“I am certain of nothing but the heart’s affections and the truth of the imagination.” -Keats
I wanted to write you a letter, but the typewriter was too loud and the ribbon was faded, although I like the font very much, the way it’s italic, and wonder at a generation whose typewriters wrote only in italics. The most formal documents poetic, the way things must’ve always been.
Like the light of oil lamps.
I went to the woods where there wasn’t any electricity, but instead of rejuvenation I felt only sorrow, and I sat in the sun and ate too many peanut butter cookies, listlessly. At night I could barely sleep, I was so lonely, and I woke in a panic at dawn, the cold forest air pressing down around me, the wind off the highway moving through my mosquito net. I ran, but the road only went uphill, and the neighbor’s ten hundred matted dogs came barking down at me from his junk-cluttered drive, and I had to carry my chihuahua. At the top of the mountain was a vista overlooking westward ridges and golden meadows filled with ticks. I got a rash of poison oak but it doesn’t itch.
At five a.m. on Monday a craigslist ride picked me up at my remote woodland outpost and drove me back to Portland, along with a young, hemp-necklace-wearing couple. Back in the city I felt aching, stinging affection for my modest concrete jungle, the largest concrete jungle that I, as a person without a drinking problem or an aderol addiction, will ever be able to reasonably acclimate to. I’d subletted my apartment for a month and so it feels as though I am on vacation, sleeping in other peoples’ houses. Yesterday I bought a car, a 1981 honda civic hatchback, for six hundred and twenty dollars. The car has no power steering, tiny tires, and sits four inches off the ground. The steering wheel is the size of a dinner plate. It feels like driving a go-cart. I love the car so much, and I’ve only had it for a day. I never thought it was possible to love a car, but I do.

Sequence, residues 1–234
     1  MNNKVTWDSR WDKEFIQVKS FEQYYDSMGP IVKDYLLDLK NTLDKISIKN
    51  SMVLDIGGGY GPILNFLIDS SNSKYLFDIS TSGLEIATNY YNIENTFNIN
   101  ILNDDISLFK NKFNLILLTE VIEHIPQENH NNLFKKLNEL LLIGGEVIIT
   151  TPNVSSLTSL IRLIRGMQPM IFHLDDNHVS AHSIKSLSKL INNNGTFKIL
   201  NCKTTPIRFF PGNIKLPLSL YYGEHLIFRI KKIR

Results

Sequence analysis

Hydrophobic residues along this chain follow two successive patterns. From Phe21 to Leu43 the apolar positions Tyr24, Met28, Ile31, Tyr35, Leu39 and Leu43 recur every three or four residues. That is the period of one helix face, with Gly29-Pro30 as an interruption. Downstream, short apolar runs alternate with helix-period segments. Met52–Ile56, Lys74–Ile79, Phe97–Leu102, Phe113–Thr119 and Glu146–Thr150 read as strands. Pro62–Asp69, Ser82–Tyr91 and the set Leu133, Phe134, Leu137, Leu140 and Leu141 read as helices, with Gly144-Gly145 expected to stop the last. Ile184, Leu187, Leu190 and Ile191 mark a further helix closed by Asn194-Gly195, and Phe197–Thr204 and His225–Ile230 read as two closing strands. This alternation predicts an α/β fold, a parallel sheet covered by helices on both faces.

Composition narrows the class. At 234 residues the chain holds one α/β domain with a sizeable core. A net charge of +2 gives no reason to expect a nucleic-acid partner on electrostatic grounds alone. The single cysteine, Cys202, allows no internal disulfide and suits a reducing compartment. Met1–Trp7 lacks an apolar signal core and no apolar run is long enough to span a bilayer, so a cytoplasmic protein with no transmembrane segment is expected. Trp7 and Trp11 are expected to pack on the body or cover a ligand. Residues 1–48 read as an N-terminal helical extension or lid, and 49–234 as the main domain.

Kinnikinnick, my wheat-colored chihuahua, my tiny tiny, is also relieved to be back in the city. She was bored in California, laying all day in the sun-dried grass, letting the ticks bleed her. While I had Raymond Carver she had only the mysterious sounds of the forest, the smells of the strange animals who snuffled below our treehouse, breaking sticks and leaving scat made of berries. She didn’t know what to make of all of it- were the animals friends? Enemies? Creatures to be hunted? Were they hunting HER? The city makes much more sense to her- cats, dogs, humans. Fenced yards. Boundaries everywhere. Chihuahuas like comfort, they have only modest appetites for adventure.
I wanted to write you a letter but the typewriter was too loud, and now I am so sleepy I can barely type. I wanted to say something about vulnerability, about portals to the center of the earth. I wanted to write you a lullaby for anxious hearts, I wanted to show you, somehow, the cyclical nature of time, the way that there’s nothing to fear because there’s nowhere to go- just right here, where we are. I wanted to write you so many things, but instead I’ve got to go to sleep because I’m so sleepy, and so I’ll write you a musical in my dreams, and there’ll be snow in it, and lots of gold fabric, and men in deer costumes will sing Hildegard Von Bingen’s medieval choir music, and it will be so beautiful and nostalgic that you’ll cry.